It’s that time of year when high school students everywhere receive their lists of assigned summer reading from next year’s English teachers. These lists are often filled with well-respected classics, but I can’t help but wonder: Where’s the YA?
As I understand it, there are a few possible goals for assigned summer reading. Title selections can be designed to tie into the curriculum and prepare students for concepts that will be covered during the upcoming school year. The assigned books can also introduce students to the Western Canon of literature that college-bound teens are expected to read.
Perhaps the most common purpose of assigned summer reading is to avoid the dreaded “summer reading slump,” a phenomenon in which students backslide academically as their reading habits atrophy over the summer. In other words, teachers just want students to pick up a book and stay sharp!
These are all worthy goals, and I can’t knock the classics. But I have to admit I’d love to see the schools mix up those summer reading lists a little. Some teachers do this already, but I want to see more schools assign YA books alongside the classics.
After all, a contemporary novel written for today’s teens can help fight the summer reading slump just as well as a 100-year-old classic. YA literature may not be in the Western Canon (yet!), but there are so many novels for teens that are rich, complex, and very worthy of literary analysis. Here are a few of the YA titles that top my assigned summer reading wish list.
The Disreputable History of Frankie Landau Banks by E. Lockhart (2009 Printz Honor book)
When Frankie finds out that her boyfriend belongs to an all-male secret society famous for pulling pranks at their traditional East Coast boarding school, she feels excluded and indignant. But more than that, she’s determined to show them up with some truly epic pranks of her own.
This book is my go-to recommendation when a student needs a title for “free choice” reading at school. Teens will be entertained by the clever plot (pranks!) and relate to its smart yet flawed protagonist. And it’s more than a fun read: the thoughtful exploration of gender roles and societal expectations make this title substantial enough for use in an academic setting.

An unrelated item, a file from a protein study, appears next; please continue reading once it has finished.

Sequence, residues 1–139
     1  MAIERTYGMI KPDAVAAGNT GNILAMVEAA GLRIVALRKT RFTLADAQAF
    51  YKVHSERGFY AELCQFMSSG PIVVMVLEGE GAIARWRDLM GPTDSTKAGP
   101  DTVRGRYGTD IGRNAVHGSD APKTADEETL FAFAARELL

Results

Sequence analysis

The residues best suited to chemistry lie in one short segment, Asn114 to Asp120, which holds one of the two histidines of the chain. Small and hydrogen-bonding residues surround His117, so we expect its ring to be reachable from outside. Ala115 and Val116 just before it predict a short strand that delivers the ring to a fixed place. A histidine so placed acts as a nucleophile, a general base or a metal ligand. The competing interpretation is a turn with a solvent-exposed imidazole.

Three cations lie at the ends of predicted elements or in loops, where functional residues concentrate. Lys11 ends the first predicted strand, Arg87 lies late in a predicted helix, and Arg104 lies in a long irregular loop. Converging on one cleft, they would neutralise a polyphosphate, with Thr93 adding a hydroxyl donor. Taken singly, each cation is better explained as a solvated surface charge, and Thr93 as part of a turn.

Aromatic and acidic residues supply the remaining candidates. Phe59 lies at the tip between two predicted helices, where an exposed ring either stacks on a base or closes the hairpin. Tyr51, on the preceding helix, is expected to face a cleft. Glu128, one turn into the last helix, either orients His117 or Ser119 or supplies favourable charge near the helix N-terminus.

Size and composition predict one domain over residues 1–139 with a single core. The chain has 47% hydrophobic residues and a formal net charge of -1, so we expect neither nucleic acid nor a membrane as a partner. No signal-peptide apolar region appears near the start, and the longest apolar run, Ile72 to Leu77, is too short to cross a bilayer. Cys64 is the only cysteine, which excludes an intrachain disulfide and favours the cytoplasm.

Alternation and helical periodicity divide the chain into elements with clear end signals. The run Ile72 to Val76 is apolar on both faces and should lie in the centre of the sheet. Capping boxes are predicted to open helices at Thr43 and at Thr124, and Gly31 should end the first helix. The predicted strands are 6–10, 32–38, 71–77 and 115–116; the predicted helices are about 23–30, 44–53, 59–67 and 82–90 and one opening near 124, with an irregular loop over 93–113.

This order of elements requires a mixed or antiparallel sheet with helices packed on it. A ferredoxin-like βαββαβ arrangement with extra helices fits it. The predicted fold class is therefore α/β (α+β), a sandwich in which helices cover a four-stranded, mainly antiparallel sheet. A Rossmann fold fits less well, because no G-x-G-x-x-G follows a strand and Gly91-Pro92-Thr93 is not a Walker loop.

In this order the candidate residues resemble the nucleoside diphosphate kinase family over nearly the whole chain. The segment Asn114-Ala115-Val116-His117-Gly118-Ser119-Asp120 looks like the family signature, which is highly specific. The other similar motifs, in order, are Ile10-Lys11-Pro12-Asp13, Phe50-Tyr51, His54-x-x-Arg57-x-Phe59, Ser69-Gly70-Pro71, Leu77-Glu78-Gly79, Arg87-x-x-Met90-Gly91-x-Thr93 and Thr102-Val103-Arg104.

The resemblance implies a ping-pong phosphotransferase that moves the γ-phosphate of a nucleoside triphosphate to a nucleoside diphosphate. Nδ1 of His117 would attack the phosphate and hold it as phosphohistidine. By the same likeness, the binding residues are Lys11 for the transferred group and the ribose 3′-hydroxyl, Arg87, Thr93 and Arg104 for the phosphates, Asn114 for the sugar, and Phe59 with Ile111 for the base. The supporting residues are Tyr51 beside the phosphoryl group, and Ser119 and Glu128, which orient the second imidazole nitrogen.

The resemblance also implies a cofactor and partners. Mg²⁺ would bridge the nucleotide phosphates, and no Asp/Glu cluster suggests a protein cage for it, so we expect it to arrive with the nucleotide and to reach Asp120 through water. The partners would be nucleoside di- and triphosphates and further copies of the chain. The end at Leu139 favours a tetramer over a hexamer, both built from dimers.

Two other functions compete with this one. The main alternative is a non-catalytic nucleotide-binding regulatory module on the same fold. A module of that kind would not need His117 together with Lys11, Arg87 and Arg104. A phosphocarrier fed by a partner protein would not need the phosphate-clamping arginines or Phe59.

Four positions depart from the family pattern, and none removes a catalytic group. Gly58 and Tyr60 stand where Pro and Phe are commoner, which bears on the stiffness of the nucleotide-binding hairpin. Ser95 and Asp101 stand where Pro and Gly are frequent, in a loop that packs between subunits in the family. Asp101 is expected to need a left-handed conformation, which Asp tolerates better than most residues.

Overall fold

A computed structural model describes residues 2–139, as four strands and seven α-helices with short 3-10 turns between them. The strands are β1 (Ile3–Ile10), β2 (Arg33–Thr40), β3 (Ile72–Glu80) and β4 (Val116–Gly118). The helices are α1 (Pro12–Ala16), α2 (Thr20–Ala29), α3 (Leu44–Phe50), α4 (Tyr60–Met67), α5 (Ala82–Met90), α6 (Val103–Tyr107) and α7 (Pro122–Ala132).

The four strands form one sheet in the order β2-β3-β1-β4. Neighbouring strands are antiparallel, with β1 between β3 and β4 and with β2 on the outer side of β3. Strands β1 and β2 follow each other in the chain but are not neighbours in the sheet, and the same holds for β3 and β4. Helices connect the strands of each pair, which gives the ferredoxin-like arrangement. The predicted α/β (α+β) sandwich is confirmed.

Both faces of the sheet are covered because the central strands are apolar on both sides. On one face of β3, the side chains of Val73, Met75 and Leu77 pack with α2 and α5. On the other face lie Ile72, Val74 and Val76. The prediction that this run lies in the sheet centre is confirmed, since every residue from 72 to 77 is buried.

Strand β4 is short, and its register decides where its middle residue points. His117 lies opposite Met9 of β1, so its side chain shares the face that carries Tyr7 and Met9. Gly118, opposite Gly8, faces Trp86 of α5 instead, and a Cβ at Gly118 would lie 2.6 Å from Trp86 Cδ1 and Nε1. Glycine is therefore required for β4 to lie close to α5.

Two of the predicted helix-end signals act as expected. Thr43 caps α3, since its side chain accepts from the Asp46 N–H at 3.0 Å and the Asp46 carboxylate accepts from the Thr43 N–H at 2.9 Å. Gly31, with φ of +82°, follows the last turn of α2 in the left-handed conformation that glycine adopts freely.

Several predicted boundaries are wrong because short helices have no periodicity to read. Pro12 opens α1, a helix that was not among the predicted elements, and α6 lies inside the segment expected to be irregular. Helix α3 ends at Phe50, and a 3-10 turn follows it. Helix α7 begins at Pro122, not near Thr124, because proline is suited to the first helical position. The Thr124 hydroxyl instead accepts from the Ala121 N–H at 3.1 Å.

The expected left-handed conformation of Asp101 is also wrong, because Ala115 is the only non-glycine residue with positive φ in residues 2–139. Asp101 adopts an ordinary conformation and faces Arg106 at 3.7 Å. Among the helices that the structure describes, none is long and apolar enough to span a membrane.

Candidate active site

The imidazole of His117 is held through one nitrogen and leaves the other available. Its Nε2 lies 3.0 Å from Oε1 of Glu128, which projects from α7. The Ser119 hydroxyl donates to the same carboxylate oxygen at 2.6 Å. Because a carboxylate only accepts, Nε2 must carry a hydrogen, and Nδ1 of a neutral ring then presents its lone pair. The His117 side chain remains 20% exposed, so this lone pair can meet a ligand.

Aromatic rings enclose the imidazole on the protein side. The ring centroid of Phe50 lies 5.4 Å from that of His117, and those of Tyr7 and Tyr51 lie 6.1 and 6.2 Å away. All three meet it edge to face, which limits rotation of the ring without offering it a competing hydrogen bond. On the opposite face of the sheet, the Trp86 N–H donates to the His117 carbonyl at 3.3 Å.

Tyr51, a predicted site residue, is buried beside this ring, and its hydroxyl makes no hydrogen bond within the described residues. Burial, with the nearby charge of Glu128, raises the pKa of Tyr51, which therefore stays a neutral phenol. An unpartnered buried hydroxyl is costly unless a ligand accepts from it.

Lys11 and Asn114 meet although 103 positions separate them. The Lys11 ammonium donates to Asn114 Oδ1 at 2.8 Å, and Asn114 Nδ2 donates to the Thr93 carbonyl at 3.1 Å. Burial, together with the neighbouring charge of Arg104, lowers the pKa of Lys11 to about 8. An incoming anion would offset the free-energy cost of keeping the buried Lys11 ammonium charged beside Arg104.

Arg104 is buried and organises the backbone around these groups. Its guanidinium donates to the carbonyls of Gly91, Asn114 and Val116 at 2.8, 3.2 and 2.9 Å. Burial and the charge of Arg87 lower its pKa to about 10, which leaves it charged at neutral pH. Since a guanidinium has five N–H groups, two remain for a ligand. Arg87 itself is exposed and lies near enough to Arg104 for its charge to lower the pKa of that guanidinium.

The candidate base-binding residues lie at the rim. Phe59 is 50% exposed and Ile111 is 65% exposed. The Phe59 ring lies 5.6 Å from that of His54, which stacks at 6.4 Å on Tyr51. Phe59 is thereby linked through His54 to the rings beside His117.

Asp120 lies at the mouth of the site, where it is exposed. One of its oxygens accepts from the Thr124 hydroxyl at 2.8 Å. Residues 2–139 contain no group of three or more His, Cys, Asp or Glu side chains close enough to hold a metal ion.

The Absolutely True Diary of a Part-Time Indian by Sherman Alexie (2008 Best Books for Young Adults Top Ten selection; 2009 Outstanding Books for the College Bound History and Culture selection; 2010 Popular Paperbacks for Young Adults selection)
Growing up on an Indian reservation amidst poverty and bullying, Junior fights an uphill battle every day. Spurred by frustration with the lack of opportunities and resources, he decides to leave the reservation in pursuit of a better education — which leads him to question where he fits in.
This inspiring coming-of-age story appeals to teens who like reading about people their own age thriving in tough circumstances. Alexie’s vivid writing and Ellen Forney’s expressive cartoon-style illustrations elicit both laughter and tears, while themes of race, culture, and identity provide fodder for thought-provoking classroom discussion.
Sleeping Freshmen Never Lie by David Lubar (YALSA’s Ultimate Teen Bookshelf selection)
Could there be a more perfect book to assign incoming freshmen? Scott just wants to survive his freshman year. He didn’t expect his mom to announce a surprise pregnancy, he didn’t expect to get involved in tons of extracurricular activities in pursuit of his dream girl, and he didn’t expect old friendships to change and new friendships to blossom. Even so, his freshman year might just turn out better than he could have possibly expected.
Students will love it for the laugh-out-loud humor and real-life situations they can relate to, like crushes and the complex evolution of friendship. Teachers will love it for the word-play used throughout the narrative as Scott learns about different literary devices in his English class.
Going Bovine by Libba Bray (2010 Printz Award winner)
This quirky, contemporary retelling of Don Quixote, featuring a young man with mad cow disease, an epic road trip, and a talking garden gnome, may be more accessible to today’s teens than Cervantes’s classic text, but the two books may make for an excellent summer reading pairing for a teacher who wants to introduce students to the original classic.
Going Bovine can easily be enjoyed by a reader unfamiliar with Don Quixote, but familiarity with its literary inspiration will make the reading experience more deep and layered. Conversely, having read Going Bovine may help the students relate to Don Quixote more easily.
What YA titles would you like to see on an assigned summer reading list?
â€“ Allison Tran, currently reading Moonglass by Jessi Kirby
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